“A rain date is always set, but with two years of pre-planning, organizing and endless hours of preparation, the first option is “full steam ahead,” explained Barbara Carloss, club president.
The popular daylong event made its debut in the early 1970s and has always been highly anticipated by anyone who is interested in flowers and gardening. Appropriately titled, “Mayfair Goes Green-2011” offered a once-in-a-lifetime opportunity to walk in four individual landscaped gardens to gather inspiration and ideas, shop at a plant sale and boutique, and savor a gourmet lunch catered and served by the club members under brightly colored umbrellas on a beautifully manicured lawn. The club’s renowned reputation for its celebration in May prompts furious ticket sales, leaving some avid garden lovers with tour tickets only.
Two garden clubs from neighboring Illinois order their tickets mid-January to ensure their members’ lunch and tour reservations. Bea Adkins, an exuberant Metropolis garden club member, explained, “Our ladies love it. This year’s outing was the best in years.”
Cindy Watson from El Dorado, Ill., has been attending the affair since 1993. “I purchased a ginkgo sapling several years ago. Now it is 4 feet tall and thriving,” she proudly explained. “Not only does our group make a day of the Mayfair, but we also shop other local nurseries and take in one the newest downtown restaurants. We return home with bags full of newly purchased plants and gardening accessories, notes and sketches of garden lay-outs, and the coveted shared recipes of Cranberry-Almond Chicken Salad, Lemon Blossoms, Spicy Bean Salad, and homegrown Strawberry Short Cake. What’s not to like about the Mayfair?”
Lunch was served in the garden of Karen and Mark Edwards while eager plant lovers shopped at Dabney and Bobby Haugh’s lawn for new or much desired plants and garden related items. After browsing through a large assortment of plants, the hottest and fastest selling item remains year after year to be the rosemary topiaries. However, the handmade hypertupha pots and birdbaths created from a tiller’s disc tempted many a horticulturist. Before going to lunch or walking through the gardens, experienced attendees recommend the first stop be the plant sale. Regardless which choice is made, long lines of fashionably dressed women were found patiently waiting to enter either site.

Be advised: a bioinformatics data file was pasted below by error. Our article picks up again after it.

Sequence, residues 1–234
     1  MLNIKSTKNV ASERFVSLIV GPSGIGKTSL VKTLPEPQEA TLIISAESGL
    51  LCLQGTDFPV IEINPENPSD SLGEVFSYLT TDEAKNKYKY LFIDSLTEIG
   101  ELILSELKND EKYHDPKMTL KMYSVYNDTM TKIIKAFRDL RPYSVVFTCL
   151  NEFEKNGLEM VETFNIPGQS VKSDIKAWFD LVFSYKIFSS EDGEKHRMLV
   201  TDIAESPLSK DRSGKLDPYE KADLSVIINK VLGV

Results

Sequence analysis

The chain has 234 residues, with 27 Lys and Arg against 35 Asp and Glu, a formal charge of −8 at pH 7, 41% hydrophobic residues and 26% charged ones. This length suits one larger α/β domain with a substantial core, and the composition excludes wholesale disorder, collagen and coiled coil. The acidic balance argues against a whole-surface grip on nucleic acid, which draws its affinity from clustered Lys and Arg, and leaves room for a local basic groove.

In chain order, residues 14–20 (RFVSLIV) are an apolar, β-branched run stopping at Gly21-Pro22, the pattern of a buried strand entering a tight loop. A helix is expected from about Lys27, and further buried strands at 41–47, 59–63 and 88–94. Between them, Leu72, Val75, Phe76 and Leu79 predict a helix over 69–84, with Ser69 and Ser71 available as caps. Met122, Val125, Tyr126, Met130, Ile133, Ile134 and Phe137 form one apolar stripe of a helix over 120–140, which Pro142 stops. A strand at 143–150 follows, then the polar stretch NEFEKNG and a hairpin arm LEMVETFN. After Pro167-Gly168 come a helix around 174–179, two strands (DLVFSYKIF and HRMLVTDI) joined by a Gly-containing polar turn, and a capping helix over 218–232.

Newly added this year, guests were greeted with informational brochures giving insight and a brief history into the development of each home and garden on tour. According to knowledgeable local gardeners, most gardens in our zone are planted to be at their best in the month of May. Guess that explains the reason for the name Mayfair!
Leisurely strolling through the verdant greenery of Elaine and John Oehlschlaeger’s Garden Patch and Phyllis and Larry Stovestand’s was the ultimate treat of the day bringing an abundance of oohs and aahs from all.
The featured gardens presented both similarities and contrasts in their age and style. One property was established in the early ‘90s in the west end Pines subdivision while the other began in 1919 as a cottage garden. Throughout the last 20 years, various aspects of the scenic gems have been altered according to the owner’s desires, needs and fancies.
A high brick wall was built to enclose the Garden Patch in the 1940s, while a decade later John’s father propagated dozens of boxwood seedlings forming the spectacular bones of the garden. Inspired by her mother-in-law, Phyllis Stovestand’s green space began as a vegetable garden and evolved several years later into a show-stopping floral blockbuster setting perfect for a family wedding and other gatherings.
Both landscaped spaces presented wide lawns curbed and terraced with a mixture of boxwood, hedges, beautiful bricked walls, and offering sunny and shady spots. Birdbaths, statuary, fountains, and ornamental pots and urns tucked among the nooks of greenery and blooming annuals and perennials added highlights, texture and diversity to the garden. Particularly appreciated by the touring visitors were the identifying markers scattered throughout the flora and fauna.
The Greater Paducah Sustainability Project Recycle Now shared the proceeds and benefits with another Garden Club project replacing trees on Jefferson Street lost in the ice storm of 2009. From all 300 guests, a big shout-out of thank you goes to each member of the Paducah Garden Club. Our community is greener and blessed by your endless hours of labor proving the old adage to be true, “Bloom where you are planted!”